We have Armenian Christmas at another one of my sisters house and we haven't missed it for 34 years. Her youngest son was born that night 34 years ago and that makes this tradition doubly fun. No matter where we are we always end up in her house on that night. 
     Another of my my sisters (I have seven of them lucky me) lives by a high school and every 4th of July they have fire works at nine o'clock. She cooks hamburgers, hot dogs and barbecue chicken and we always have plenty of beer. Each year the family grows bigger thanks to my nieces and nephews and now my son who has a little girl. The kids run around in the backyard, climb trees and walls, and eat lots of food. The grownups talk about life, work, blood pressure and our weight problems and everything else in between. We all have a wonderful time and go home tired and happy.  
I juts want our kids to continue our family traditions because that is the one thing that will bind us to each other. In this cold and ever changing world all we have that is genuine is family love. You can't buy it, rent it or borrow it. Let's leave something behind for our kids besides our national debt. Let's leave them our legacy of good old fashioned family traditions. After all blood is thicker than water.   


Wednesday, July 3, 2013


     I was not born in America but I came here as a young woman. My intention was to get an education and go back to where I had come from. But things changed in my birth country and I decided to stay.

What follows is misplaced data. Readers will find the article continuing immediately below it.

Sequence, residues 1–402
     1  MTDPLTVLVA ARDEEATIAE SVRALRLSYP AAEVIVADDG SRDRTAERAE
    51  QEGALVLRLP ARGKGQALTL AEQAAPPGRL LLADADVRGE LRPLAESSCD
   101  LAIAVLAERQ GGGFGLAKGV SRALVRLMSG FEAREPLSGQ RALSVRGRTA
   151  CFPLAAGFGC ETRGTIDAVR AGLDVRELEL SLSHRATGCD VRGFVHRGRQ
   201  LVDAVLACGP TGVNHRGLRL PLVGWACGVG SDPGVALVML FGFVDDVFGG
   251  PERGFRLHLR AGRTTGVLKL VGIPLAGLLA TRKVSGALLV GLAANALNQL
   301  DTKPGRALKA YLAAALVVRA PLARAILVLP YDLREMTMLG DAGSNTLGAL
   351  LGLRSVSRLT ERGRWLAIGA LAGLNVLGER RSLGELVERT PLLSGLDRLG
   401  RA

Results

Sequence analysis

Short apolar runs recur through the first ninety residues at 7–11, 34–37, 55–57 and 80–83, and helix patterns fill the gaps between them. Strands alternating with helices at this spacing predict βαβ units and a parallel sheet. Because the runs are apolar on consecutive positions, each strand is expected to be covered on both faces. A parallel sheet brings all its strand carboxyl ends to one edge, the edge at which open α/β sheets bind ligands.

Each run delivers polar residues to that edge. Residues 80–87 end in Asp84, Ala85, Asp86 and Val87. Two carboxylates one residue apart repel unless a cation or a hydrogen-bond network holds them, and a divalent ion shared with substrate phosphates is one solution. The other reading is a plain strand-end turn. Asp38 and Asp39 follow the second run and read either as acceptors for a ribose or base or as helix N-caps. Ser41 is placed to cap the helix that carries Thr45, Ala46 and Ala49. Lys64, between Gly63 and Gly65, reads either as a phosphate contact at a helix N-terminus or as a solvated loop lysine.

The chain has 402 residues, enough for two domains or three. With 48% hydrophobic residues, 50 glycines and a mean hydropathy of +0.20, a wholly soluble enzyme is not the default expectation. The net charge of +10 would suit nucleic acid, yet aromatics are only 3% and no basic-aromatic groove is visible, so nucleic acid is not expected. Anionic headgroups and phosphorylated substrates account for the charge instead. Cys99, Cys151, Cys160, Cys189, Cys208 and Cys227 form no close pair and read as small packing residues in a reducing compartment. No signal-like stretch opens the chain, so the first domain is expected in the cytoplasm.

I went to school here, got married, had children, worked and paid taxes. I became a citizen and I have been voting in every presidential election since. I love to celebrate the 4th of july, the American Independence Day from British rule. I would hate to live in a country that had a king or queen in the 21st  century.
     When I was a newcomer and didn't know much about world history or politics I would wonder why people who had free countries would choose to live in America. In college I had classmates from Vietnam, China, Philippines, and Mexico. I was thinking if Armenia was a free country I would never want to live anywhere else but there.

     At the time Armenia was a Communist Soviet Republic. In 1991 Armenia became an independent country free from Soviet rule. I visited in 2006 and 2007.  My first visit was a dream come true. All my life I had wanted Armenia to be free of the Russians and it finally was. I felt very fortunate to finally see a free and  democratic Armenia. The country is beautiful, full of history and culture, people are nice and hospitable. But even after 22 years of freedom and democracy Armenia still has profound problems. There is high unemployment, poverty, rampant corruption, crime, stollen elections, social problems such as domestic violence  and child abuse. I know that some people will say that America has the same problems even much worse. They would be partially correct. Yes no country on Earth is problem free, but here there are more laws to protect people. There are organizations, and institutions to deal with these problems. In Armenia some of the problems are not even acknowledged as problems. Anyone reading any Armenian news publication or any media knows what I am talking about.  I could not live in Armenia the way it is today.  Even in daily life I would probably have arguments with people in stores, banks and government offices. Because I know that as a human being and a woman I have rights and I could not let any one trample on my rights Armenian or not.